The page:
Judicial System

Sixth Circuit Court of Appeals – Type of Court for 6th Graders

The Sixth Circuit Court of Appeals is based at the Potter Stewart United States Courthouse in Cincinnati, Ohio. It is one of 13 federal circuit courts of appeals and four judges from this court have gone on to serve as Supreme Court justices.

In an effort to improve the judicial system, Florida’s Supreme Court has recommended adding a sixth district court of appeal and adjusting the boundaries of existing appellate districts.


The power of a court to decide matters within its legal bounds. Also referred to as “general jurisdiction.”

A decree that disposes of litigation but does not require specific action be taken. A court may order a defendant to pay a sum of money or to refrain from specific acts.

Testimony given by a witness about what he or she thinks, believes or infers regarding a fact in dispute. Evidence of this kind is usually not admissible on direct examination but may be on cross-examination.

A case which has been transferred to another court from one judicial district to be tried by an available judge because of inability to secure an impartial hearing in the original venue. Generally, a case cannot be moved more than once. The Office of Court Administration is the administrative arm of the Chief Justice, who is constitutionally designated as the administrative head of the unified judicial system. The office collects caseload data and makes recommendations to the Chief Justice for terms of courts, assignment of judges and judicial education programs.


Judge Wolke loves seeing 6th graders stretch their brains and become critical thinkers. She also enjoys seeing kids learn to be strong public speakers and participate in a real trial.

In New York, trial courts of general jurisdiction are aligned into sixteen circuits. A person can appeal a case to an appellate court, which is organized into five districts.

A person can also make a direct appeal from a final court decision to the Supreme Court. A few cases go directly to the Supreme Court, which includes disagreements between two states and death penalty cases.

The Chief Justice, on behalf of the unified court system, appoints administrative judges in each jurisdiction who have significant latitude to carry out policy and address local issues. Judge Hood and her husband live in Detroit. She is a graduate of the University of Michigan and the University of Detroit Mercy School of Law. She has served on numerous international programs, including teaching in Romania and lecturing in several republics of the former Soviet Union.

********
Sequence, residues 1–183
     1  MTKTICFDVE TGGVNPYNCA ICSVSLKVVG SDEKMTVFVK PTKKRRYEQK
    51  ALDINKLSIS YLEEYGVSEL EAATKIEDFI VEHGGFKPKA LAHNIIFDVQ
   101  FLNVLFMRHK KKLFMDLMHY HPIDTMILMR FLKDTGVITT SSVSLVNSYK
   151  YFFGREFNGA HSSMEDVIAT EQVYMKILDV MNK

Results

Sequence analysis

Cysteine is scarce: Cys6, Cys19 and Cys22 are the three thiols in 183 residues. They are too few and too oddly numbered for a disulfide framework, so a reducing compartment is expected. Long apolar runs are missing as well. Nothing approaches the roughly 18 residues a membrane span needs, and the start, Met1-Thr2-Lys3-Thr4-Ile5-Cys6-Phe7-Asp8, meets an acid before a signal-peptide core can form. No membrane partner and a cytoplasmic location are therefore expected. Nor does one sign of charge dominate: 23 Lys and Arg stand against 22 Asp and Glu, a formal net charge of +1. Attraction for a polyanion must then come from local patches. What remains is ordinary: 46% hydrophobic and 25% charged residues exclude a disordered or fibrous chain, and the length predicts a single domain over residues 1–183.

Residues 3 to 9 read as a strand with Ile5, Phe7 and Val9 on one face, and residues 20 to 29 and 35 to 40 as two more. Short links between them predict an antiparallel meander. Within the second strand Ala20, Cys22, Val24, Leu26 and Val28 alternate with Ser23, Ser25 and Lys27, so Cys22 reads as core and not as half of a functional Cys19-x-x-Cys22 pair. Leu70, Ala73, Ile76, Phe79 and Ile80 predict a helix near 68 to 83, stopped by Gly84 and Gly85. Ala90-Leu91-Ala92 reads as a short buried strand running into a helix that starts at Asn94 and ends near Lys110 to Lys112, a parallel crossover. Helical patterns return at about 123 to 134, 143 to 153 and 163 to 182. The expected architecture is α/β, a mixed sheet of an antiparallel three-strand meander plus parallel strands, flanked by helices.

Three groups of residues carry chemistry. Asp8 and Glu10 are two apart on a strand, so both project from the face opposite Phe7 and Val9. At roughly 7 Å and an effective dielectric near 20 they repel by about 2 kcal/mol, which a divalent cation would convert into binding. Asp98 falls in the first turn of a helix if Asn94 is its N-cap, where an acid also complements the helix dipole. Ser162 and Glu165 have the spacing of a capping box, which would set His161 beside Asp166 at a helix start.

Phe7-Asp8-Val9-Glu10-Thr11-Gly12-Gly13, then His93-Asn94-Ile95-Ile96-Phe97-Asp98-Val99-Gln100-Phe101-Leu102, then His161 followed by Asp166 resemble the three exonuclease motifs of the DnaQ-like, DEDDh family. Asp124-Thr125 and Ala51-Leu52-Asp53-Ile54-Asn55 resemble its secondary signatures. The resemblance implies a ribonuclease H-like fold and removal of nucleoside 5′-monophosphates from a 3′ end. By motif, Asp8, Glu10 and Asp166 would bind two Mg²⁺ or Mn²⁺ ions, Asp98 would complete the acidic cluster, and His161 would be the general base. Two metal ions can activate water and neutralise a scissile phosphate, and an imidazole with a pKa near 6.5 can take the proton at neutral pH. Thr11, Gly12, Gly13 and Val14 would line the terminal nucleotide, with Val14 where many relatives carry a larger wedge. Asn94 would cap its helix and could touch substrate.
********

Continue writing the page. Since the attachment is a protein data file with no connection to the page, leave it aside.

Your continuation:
In the Courtroom in the Classroom program, judges travel to high schools to hear oral arguments from real cases that will eventually be ruled upon by the Court. The Court provides each school with background information about the case(s) and curricular materials for teachers to use to prepare students for the visit. The Judges also conduct a question and answer session with students after the oral arguments conclude.

For this space type, design requirements include an area in which the judges can sit during oral arguments; a place for two attorneys to sit during oral argument; a room where the Judges can confer with counsel out of earshot of other participants; and a public seating area with upholstered chairs. High ceilings are preferred to enhance spatial quality and provide unobstructed views.

Special security provisions are required for this space type including ballistic cladding integral with the Judges benches, raised floors for power, voice, data, and HVAC services and a pressurized air supply through the ceiling plenum.

Public Access

Unless otherwise restricted by law, all court records are open to the public for examination. Upon receiving a request for access to records, court personnel may direct the person to the public access terminal, or if they are unable to locate a record in the Odyssey system, they may ask for written clarification of the scope of the request. The court may also provide remote internet access to selected information compiled from the selection, aggregation or reformulation of information in court records without the need for a visit to a court facility. This information is available at the public access terminals and through individual requests submitted to the clerk of court by telephone, letter or email.

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